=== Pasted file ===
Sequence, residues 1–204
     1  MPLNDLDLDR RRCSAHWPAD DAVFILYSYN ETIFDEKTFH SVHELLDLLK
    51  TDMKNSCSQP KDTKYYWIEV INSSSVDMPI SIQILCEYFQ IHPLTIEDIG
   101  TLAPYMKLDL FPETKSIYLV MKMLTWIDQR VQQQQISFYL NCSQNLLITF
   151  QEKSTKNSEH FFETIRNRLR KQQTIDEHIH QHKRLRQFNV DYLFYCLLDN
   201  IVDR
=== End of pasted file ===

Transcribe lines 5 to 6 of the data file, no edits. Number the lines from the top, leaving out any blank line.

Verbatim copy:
   151  QEKSTKNSEH FFETIRNRLR KQQTIDEHIH QHKRLRQFNV DYLFYCLLDN
   201  IVDR